A year or so later, I got a replacement set. I cringe now at my acquisitiveness as I recall how I wheedled out of my Uncle Harry the three-band Philips set he'd himself only just been given. This was a fine little set and, for the first time, included a VHF band! Admittedly, VHF signals weren't all that good at the time round our way, especially not on a set with nothing more than a smallish telescopic aerial. Nevertheless, for the next four years or so, this was my way of hearing programmes such as I'm Sorry I Haven't A Clue, and indeed most of Radio 4's output at that time.

Which brings me, by a commodius vicus of recirculation, to the Grundig radiogram. This was usually off-limits to me simply from the practical consideration of its being in the living room, and therefore in competition with the television. Except when my father was spinning an Eddie Calvert LP or something. But my opportunity came eventually. By the age of about thirteen, I was considered sufficiently grown up to be left at home on my own on a Saturday afternoon while Dad went out to the football and Mum went to see Nain (grandmother). Now, at that age, there were two ways in which a boy could have spent the afternoon. However, I had been giving the Grundig lascivious glances for some time, and was desperate to get my hands on it, much as I had gazed longingly at the centre-page spread of the Grundig catalogue which had featured the Satellit radio with its dozens of short-wave bands.

You see, the Grundig had what my radio didn't, and that was a short-wave band! I had had the occasional dalliance with this, and had listened to the whistling and popping and the strange tongues emanating from the big old speakers as I spun the counterbalanced tuning knob from one end of the dial to the other. Now was my chance to go all the way! I plugged it in and pressed the key marked SW. On came the lights behind the tuning dial, followed by the green glow of the EM87 'magic eye' valve. After a few seconds, this settled down to show bright green at each end with a gap in the middle to show that there was no strong signal coming in. Slowly, gently, lovingly, I turned the knob. Once more, the strange noises and voices started to emerge. Unlike the tuning scales for medium wave and long wave, there were none of those names which were the radio equivalents of Chimborazo and Cotapaxi: Kalundborg, Saarlouis, Lahti, even Athlone! Here, on the short-wave band, there were no directions like that, only roughly-drawn maps of the broadcast bands: 49m, 41m, 31m, and so on. Here was adventure.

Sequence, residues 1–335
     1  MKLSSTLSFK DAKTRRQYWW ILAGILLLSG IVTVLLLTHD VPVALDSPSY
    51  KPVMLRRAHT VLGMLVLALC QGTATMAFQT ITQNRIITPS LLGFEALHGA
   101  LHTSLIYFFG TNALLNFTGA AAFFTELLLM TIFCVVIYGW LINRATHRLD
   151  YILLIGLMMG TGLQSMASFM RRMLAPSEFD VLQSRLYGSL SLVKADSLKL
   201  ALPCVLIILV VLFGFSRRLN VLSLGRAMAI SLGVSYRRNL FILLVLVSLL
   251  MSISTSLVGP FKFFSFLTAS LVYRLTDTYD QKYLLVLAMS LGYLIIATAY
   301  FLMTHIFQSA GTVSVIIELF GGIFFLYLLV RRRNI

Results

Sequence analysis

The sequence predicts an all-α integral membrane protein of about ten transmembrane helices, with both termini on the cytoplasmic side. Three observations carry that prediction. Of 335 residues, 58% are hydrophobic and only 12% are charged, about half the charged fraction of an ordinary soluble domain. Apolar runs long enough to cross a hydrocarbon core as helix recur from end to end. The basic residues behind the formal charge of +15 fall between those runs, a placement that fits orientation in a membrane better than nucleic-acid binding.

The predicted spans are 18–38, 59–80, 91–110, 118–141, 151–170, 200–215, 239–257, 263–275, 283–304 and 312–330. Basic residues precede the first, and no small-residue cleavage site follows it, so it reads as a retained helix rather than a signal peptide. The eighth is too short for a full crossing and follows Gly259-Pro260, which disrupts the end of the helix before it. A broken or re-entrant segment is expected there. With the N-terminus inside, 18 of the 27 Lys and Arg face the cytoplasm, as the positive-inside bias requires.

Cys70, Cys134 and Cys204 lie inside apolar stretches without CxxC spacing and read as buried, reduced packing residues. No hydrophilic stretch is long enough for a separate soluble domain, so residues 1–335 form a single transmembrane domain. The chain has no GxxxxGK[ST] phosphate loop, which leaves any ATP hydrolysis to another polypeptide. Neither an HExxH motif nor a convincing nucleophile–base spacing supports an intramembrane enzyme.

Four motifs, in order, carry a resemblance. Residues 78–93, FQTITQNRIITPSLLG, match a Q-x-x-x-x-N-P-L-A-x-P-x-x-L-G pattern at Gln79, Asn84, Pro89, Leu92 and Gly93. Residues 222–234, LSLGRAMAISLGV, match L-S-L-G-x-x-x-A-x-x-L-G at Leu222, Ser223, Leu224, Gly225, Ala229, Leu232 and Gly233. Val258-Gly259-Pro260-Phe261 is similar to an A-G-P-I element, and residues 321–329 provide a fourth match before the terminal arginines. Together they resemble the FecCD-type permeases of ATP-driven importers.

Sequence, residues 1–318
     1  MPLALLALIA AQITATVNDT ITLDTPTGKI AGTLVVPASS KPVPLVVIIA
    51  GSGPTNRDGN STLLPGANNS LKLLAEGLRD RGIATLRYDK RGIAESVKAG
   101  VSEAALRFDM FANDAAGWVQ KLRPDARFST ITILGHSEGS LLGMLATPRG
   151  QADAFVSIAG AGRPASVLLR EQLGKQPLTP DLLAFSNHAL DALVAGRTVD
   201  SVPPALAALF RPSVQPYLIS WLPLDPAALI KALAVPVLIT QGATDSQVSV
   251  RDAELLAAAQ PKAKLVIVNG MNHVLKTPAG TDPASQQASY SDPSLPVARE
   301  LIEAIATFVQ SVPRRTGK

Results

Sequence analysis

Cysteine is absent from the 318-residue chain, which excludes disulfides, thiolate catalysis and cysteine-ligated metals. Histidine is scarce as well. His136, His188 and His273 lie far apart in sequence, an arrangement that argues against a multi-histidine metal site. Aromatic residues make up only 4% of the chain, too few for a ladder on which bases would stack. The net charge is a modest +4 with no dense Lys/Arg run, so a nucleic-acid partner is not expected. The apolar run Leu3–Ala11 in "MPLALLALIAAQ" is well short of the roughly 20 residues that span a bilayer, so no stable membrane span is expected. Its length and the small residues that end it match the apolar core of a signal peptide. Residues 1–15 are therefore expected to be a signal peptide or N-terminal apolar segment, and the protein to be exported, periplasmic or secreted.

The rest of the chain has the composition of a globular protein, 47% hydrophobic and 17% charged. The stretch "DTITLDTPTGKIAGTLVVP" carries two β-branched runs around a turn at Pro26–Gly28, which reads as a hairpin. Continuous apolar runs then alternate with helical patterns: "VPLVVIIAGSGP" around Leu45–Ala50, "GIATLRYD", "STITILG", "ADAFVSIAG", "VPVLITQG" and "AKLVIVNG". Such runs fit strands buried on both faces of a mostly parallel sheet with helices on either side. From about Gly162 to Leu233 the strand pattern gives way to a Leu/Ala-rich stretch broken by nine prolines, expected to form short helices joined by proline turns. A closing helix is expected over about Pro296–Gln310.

The voices kept on coming as I edged my way along the dial, in languages strange to me. Suddenly, I was stopped in my tracks by...yodelling? Intrigued, I stayed with it. It turned into that sort of alpine polka music which has given the accordion its deserved reputation. Then I heard, "This is Swiss Radio International in Bern". Ah! Something I understood! I sat in my father's armchair and waited.

Then, at quarter past the hour came a fourteen-note sting, followed by an English-speaking voice. I listened on, fascinated by the notion that from hundreds of miles away, someone was telling me about their country. This was a form of magic! Out of nothing, invisibly warping the molecules in the air to bring these sounds to me. To me, sitting in a draughty council house in an industrial village in Wales, where just to go across the border to Chester was an expedition! I sat still and silent, scarcely daring to breathe in case this enchantment was scared away.

After a news programme came another announcement, saying that it was time for Swiss Short-Wave Merry-Go-Round. Goodness, I thought, that sounds rather jolly! So there I sat, and heard a short burst of brass music interspersed with imitation Morse code, and then a rather reedy voice said "Hello again, friends and neighbours, and a hearty welcome..." (although for a long time I thought he was saying "a howdy welcome"; the Schweizerdeutsch accent, I suppose...) "...here aboard the Merry-Go-Round, with yours truly Bob Thomann..." (and I admit that I didn't know until about three days ago that that was the way to spell his surname - for ages I thought it was something like 'Taumen'. Oh well...) "...and next to me, as usual..."; at which point a younger, stentorian voice which was clearly American came in, and said: "...Bob Zanotti."

And off they went, talking about things I simply didn't understand: propagation, ionospheric disturbances, and much more. I sat there, captured and captivated. This was a whole new world (plus ionosphere, of course) opening up before me. They even signed off in what seemed to me to be an enigmatic fashion: "Goodbye...", "...Good DX-ing...", "...And the very best of 73s." (*)

I listened as often as I could after that, although I couldn't always get to stay home on Saturday and sometimes, for reasons I didn't really understand, there were times when it was impossible to find SRI where I expected it to be. Or anywhere else for that matter. Or any other station, come to that. And that was another part of the charm, of course: with the sort of equipment I had access to, even tracking down your favourite, high-powered European station was akin to a hunting expedition in the jungle. Sometimes you found your leopard, sometimes you never even saw its droppings no matter how hard you looked.